Are Your Financial Assets at Risk of a Cybersecurity Breach?

Are your financial assets at risk of a cybersecurity breach

October is National Cybersecurity Awareness Month and recent data breaches at large companies, such as Target, Home Depot, and J.P. Morgan Chase, are a reminder of how vulnerable data and systems can be to cybersecurity threats, and the costs associated with these breaches.

Businesses are especially vulnerable to cybersecurity breaches when there are employees accessing data via computer programs, email, websites, and databases both inside and outside the company. This creates several opportunities for hackers to penetrate your network.

A prime target for hackers using wire fraud to obtain data is business bank accounts, as they tend to have large cash balances. Although banks have precautions to prevent these hacks, one click on a link in a fraudulent email or on a bad website can introduce malicious software (malware) into your company’s network. And the next time an online bank wire transfer is initiated by an employee, the malware could obtain account information and passwords and those credentials to redirect funds to unauthorized parties.

Compounding the issue, your ability to recoup losses in this scenario may be limited. Under the Uniform Commercial Code, which governs funds transfers and has been adopted by most states, your bank could very well not be at fault if commercially reasonable security measures were in place and agreed to by your company. You could potentially be liable for the entire financial loss.

So, in honor of Cybersecurity Awareness month, do yourself a favor and check out these best practices that will limit your risk of wire fraud and the resulting financial loss:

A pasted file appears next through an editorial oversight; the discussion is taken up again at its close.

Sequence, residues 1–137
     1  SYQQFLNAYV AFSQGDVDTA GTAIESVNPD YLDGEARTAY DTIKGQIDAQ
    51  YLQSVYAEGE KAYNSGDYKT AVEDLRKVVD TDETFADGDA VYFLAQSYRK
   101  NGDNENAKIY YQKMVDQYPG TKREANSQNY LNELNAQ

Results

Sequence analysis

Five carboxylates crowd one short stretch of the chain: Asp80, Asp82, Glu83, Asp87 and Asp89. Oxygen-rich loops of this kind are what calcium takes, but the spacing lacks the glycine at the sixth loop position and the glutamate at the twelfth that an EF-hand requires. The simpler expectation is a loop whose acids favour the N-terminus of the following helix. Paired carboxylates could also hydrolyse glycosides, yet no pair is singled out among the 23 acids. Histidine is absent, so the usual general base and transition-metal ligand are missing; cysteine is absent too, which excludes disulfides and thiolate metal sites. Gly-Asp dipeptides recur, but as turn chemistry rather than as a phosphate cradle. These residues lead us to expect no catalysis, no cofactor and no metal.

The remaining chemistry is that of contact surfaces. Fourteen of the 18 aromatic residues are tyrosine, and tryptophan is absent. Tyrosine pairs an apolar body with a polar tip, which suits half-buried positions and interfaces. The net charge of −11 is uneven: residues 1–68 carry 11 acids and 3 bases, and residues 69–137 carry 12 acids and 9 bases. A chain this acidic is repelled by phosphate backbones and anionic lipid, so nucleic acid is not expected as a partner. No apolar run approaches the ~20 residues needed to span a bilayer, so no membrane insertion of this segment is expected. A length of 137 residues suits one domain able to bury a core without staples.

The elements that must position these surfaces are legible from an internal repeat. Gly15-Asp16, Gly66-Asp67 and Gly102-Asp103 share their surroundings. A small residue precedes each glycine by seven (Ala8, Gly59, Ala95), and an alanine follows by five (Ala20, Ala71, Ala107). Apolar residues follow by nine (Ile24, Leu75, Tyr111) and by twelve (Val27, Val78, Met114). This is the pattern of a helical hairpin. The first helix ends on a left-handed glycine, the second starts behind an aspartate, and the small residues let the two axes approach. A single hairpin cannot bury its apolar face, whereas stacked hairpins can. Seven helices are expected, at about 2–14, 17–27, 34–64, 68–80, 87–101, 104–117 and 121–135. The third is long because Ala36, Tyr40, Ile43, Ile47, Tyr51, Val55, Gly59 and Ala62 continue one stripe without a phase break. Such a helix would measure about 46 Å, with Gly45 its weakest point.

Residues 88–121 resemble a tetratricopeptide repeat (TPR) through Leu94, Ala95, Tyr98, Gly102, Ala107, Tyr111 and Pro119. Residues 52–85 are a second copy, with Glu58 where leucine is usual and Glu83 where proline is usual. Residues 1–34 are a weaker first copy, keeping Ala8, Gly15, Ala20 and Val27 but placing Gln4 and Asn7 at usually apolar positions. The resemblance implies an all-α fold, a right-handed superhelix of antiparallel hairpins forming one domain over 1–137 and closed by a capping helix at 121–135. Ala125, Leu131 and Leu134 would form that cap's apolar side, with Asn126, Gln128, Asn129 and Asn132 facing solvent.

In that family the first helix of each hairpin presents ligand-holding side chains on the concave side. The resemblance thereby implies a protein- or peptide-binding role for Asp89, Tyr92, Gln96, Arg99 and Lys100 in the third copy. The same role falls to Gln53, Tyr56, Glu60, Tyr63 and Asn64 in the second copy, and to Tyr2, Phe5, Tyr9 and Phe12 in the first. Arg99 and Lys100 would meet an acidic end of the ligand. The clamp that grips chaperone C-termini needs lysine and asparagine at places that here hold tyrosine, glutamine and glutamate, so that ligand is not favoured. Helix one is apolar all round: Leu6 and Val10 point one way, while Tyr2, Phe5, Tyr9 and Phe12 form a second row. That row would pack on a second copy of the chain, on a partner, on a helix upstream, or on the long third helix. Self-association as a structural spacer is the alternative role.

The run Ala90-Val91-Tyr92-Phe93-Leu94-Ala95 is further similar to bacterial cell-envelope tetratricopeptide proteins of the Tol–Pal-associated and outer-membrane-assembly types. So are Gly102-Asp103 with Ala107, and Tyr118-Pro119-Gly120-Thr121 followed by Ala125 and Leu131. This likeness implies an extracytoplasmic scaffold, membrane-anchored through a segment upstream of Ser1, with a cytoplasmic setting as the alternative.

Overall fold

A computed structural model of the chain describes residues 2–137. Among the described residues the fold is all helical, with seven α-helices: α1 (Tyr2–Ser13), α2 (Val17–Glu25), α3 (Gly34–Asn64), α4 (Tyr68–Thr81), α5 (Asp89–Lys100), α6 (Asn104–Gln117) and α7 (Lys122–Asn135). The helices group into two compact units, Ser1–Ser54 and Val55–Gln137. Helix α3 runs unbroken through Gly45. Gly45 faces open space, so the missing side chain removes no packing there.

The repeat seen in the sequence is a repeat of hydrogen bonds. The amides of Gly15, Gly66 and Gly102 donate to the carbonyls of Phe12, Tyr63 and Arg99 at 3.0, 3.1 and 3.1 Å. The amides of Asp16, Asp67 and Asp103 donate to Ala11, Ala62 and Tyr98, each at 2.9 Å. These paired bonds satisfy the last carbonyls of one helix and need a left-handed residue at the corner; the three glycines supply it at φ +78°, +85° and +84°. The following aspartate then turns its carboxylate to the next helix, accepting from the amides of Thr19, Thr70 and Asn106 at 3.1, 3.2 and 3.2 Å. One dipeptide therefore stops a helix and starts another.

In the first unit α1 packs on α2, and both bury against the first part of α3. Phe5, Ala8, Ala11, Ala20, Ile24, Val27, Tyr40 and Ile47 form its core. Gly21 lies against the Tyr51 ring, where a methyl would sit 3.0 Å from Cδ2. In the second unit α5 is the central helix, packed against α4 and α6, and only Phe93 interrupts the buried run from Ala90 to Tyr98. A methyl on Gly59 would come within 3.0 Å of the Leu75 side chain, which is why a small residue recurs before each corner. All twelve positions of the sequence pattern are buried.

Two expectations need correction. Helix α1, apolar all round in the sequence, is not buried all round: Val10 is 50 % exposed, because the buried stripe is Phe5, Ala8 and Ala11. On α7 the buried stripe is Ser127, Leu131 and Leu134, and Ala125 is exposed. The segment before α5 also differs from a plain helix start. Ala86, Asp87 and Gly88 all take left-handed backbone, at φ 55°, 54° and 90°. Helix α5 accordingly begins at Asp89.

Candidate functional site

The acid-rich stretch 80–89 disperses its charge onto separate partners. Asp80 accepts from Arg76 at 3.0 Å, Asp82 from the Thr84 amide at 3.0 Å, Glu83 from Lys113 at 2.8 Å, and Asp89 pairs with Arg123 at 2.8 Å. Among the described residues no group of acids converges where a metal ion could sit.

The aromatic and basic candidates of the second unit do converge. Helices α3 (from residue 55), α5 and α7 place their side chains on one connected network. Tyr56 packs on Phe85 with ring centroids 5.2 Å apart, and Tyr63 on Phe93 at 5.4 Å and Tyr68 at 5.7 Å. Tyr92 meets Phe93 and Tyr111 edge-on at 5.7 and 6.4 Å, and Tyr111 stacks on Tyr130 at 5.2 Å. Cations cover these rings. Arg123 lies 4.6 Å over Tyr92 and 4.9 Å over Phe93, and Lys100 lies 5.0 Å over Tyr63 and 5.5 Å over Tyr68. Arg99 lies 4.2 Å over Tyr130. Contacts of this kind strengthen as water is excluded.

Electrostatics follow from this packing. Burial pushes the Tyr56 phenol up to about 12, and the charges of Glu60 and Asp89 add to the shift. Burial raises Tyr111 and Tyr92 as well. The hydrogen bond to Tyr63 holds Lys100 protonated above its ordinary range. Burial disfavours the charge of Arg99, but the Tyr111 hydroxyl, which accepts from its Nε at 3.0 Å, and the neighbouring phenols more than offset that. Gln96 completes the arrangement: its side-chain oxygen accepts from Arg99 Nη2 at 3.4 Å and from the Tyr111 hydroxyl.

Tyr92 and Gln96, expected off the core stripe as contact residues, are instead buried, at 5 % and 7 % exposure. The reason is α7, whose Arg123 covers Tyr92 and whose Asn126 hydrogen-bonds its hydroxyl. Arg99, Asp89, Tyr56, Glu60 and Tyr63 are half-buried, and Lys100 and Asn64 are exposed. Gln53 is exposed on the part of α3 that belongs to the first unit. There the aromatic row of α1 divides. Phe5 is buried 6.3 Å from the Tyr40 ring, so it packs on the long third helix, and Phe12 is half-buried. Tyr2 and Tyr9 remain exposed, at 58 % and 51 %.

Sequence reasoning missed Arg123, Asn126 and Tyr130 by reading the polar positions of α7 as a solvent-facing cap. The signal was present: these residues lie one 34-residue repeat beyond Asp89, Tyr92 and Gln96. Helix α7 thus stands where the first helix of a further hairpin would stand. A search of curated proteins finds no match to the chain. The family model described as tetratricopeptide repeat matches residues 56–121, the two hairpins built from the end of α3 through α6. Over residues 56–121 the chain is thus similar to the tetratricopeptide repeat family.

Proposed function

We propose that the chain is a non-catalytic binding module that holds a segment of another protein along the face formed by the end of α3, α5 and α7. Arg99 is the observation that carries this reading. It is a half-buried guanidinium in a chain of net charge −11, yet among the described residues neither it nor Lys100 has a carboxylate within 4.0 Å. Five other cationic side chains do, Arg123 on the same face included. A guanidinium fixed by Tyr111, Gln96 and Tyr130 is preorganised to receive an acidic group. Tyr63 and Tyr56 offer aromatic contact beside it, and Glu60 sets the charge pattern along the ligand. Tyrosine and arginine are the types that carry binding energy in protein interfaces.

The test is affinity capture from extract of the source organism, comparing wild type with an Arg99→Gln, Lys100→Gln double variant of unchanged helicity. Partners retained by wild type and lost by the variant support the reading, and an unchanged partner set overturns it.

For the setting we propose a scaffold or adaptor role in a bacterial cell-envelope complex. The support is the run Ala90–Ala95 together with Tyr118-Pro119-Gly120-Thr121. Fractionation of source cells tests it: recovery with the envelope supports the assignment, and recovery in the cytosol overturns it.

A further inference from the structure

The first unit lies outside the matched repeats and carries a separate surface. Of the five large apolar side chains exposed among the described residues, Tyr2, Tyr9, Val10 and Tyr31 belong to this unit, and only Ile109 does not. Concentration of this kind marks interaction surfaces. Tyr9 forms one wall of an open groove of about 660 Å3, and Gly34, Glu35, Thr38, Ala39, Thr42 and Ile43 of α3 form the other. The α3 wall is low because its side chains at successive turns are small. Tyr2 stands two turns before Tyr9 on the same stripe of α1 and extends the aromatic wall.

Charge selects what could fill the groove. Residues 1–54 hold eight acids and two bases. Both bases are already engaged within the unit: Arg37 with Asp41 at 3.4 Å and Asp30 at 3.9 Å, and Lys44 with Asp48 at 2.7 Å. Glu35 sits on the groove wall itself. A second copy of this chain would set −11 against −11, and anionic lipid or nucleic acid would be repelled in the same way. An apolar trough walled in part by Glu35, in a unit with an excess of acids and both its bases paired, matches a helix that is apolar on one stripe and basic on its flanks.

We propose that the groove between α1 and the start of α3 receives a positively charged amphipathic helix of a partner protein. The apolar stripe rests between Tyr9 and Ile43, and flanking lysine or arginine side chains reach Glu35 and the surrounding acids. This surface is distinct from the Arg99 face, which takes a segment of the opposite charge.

1. Use a dedicated computer that is only configured to access your company’s bank accounts. This computer should not be used for anything else. Experts also suggest avoiding the use of Microsoft Windows as the operating system for this computer since it is especially vulnerable to malware.
  2. Utilize all of the cybersecurity options available at your financial institution, including things like ACH Positive Pay and security tokens. If you are not familiar with what your bank offers or what you are currently using, ask.
  3. Require two people to sign off on every wire transaction.
  4. Review bank account activity daily, particularly ACH and debit transactions.

These best practices, alongside properly trained employees, would complement your existing internal controls and IT policies and procedures. You can never be too careful when it comes to cybersecurity and protecting your financial assets.

Michael A. Coakley can be reached at Email or 215.441.4600.

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